A wise friend once told me “people have time and money for what they want to have time and money to do.” Over the years I’ve seen how true that is. Each day we choose how we will spend our time and money and whom we’ll spend it with. No matter how much we have, it seems like there is never enough of it. If we think about it long enough, we might find that what we have is enough. In our culture, we are taught that we need more. We need more money. We need more time. We need a bigger house or a nicer car. We need a lot of friends. We need a better job or a nicer boss. We need a newer TV or kitchen appliance. We need the latest version of a gadget. We need, need, need. Perhaps it’s more like, we want, want, and then want some more.
Focusing on what we always need or want creates the belief that no matter how much we have; we’ll never have enough of it. When we identify with that belief we might start to feel anxious, needy, empty, or lonely. We then create the propensity to behave in ways that are impulsive; in order to cope with those feelings and fill the emptiness we might be experiencing, we feel an urge to acquire anything that can soothe us, even for a moment. It can create a constant seeking and searching for something to make us feel better. Often that something is unhealthy for us in the long term (think drug, alcohol or food addiction, gambling problems, compulsive shopping habits).
However, there is another way to feel fulfilled. We have choices. We can choose to focus on what we do have and feel satisfied. We can choose to notice the people in our lives who are there for us, and who genuinely care, rather than the people who are unavailable. We can appreciate the many gifts we do have by recognizing them and being grateful. We can be thankful ever day of the year, not just during Thanksgiving. This daily practice of refocusing our perspective and noticing what is, rather than what needs to be, can have a profound impact on how we feel by shifting how we view ourselves, others and the world. We can consciously be thankful for the gifts we have, and we can feel grateful. When we are grateful, we feel whole.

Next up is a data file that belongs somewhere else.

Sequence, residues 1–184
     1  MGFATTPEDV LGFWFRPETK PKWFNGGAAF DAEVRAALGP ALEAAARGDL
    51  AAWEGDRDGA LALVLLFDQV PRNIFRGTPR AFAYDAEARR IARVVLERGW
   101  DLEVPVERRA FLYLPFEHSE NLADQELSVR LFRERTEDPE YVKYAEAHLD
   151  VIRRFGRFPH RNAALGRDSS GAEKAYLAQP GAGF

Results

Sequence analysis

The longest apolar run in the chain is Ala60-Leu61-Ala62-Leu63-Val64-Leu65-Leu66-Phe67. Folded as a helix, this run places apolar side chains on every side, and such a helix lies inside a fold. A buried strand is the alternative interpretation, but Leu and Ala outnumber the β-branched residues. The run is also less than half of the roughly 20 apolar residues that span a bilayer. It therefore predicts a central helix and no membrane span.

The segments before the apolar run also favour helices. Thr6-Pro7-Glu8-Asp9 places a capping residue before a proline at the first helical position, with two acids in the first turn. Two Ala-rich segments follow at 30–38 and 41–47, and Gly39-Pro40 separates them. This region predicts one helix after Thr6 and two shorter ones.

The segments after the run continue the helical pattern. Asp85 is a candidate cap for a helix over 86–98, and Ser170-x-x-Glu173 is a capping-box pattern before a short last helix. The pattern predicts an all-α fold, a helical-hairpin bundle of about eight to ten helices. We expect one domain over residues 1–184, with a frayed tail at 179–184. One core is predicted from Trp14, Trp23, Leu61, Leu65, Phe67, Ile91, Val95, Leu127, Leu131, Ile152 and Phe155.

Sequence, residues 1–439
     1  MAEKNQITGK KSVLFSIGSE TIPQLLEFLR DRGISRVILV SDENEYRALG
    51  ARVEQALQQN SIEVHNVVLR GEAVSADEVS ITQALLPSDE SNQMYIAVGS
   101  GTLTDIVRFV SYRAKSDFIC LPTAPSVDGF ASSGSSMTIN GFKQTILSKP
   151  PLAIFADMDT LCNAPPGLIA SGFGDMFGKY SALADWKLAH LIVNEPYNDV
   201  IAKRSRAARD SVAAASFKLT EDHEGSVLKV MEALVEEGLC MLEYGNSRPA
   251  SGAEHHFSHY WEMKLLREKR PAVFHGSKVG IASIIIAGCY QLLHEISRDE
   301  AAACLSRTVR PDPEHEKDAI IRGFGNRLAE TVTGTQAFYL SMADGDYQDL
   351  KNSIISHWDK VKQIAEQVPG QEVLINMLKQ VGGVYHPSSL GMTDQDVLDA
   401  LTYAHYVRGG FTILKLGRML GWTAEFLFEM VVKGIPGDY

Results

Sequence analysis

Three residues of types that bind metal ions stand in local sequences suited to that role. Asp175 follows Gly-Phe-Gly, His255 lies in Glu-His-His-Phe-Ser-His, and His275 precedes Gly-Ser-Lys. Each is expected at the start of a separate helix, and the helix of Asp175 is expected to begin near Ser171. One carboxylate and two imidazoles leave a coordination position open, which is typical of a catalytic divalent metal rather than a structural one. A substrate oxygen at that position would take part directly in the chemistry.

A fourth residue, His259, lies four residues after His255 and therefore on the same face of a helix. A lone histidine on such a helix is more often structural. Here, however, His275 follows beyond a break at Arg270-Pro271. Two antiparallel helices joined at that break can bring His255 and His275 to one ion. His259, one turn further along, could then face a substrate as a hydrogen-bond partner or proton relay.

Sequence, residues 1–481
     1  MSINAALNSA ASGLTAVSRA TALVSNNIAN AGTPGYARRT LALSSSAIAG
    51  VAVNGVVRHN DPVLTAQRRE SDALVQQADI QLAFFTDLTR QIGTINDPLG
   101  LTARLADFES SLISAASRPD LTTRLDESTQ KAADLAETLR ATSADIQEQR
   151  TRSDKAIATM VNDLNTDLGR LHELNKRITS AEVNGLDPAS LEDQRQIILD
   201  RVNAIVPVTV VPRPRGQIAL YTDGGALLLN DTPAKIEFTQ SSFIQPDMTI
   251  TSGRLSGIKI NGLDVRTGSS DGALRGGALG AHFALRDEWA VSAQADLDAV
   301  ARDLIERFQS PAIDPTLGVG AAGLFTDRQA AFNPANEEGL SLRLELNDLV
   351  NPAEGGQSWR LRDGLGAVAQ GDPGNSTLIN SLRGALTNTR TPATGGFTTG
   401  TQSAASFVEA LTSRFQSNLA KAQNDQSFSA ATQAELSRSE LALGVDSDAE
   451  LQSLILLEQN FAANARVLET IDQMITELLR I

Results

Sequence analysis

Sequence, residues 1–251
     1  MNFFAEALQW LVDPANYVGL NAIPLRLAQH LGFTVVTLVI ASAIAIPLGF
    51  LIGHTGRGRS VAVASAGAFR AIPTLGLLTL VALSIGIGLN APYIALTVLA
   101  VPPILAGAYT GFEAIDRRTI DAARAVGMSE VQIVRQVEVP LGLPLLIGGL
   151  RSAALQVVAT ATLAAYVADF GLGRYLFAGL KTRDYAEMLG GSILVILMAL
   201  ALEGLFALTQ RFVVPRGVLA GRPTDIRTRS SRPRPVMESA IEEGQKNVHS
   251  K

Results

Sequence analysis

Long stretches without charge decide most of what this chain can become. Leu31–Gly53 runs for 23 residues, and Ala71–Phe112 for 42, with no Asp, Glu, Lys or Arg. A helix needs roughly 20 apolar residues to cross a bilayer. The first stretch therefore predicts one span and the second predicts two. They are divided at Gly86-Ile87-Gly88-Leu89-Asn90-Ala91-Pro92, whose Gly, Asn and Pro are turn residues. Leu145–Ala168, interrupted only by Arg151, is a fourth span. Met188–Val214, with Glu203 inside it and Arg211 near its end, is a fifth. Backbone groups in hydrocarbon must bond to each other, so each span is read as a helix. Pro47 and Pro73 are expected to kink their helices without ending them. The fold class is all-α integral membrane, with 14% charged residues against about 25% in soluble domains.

So starting today and every day for the next week, practice having an attitude of gratitude by following these 3 easy steps:
- Stop whatever it is you are doing, have a seat, and close your eyes.
- Take a few moments to notice what you have in your life that makes you so grateful to be alive right now. Think of who or what you have in your life that provides you with safety, comfort and joy.
Here are some questions you can answer to help get you started: Whom do you love? Who cares for you and seeks you out to see how you are doing? What’s your most cherished possession? What do you love about it? What have you accomplished this past year that makes you feel proud of yourself? What makes it worth getting up every day? Who or what brings a huge smile to your face?
- Reflect on your answers. Notice how it feels in your body when you think about these answers. Know that each moment of every day you have a choice about what you focus on: what you already have that fulfills you or what’s missing from your life. When we choose the former, we can experience long lasting joy and satisfaction. It’s your choice.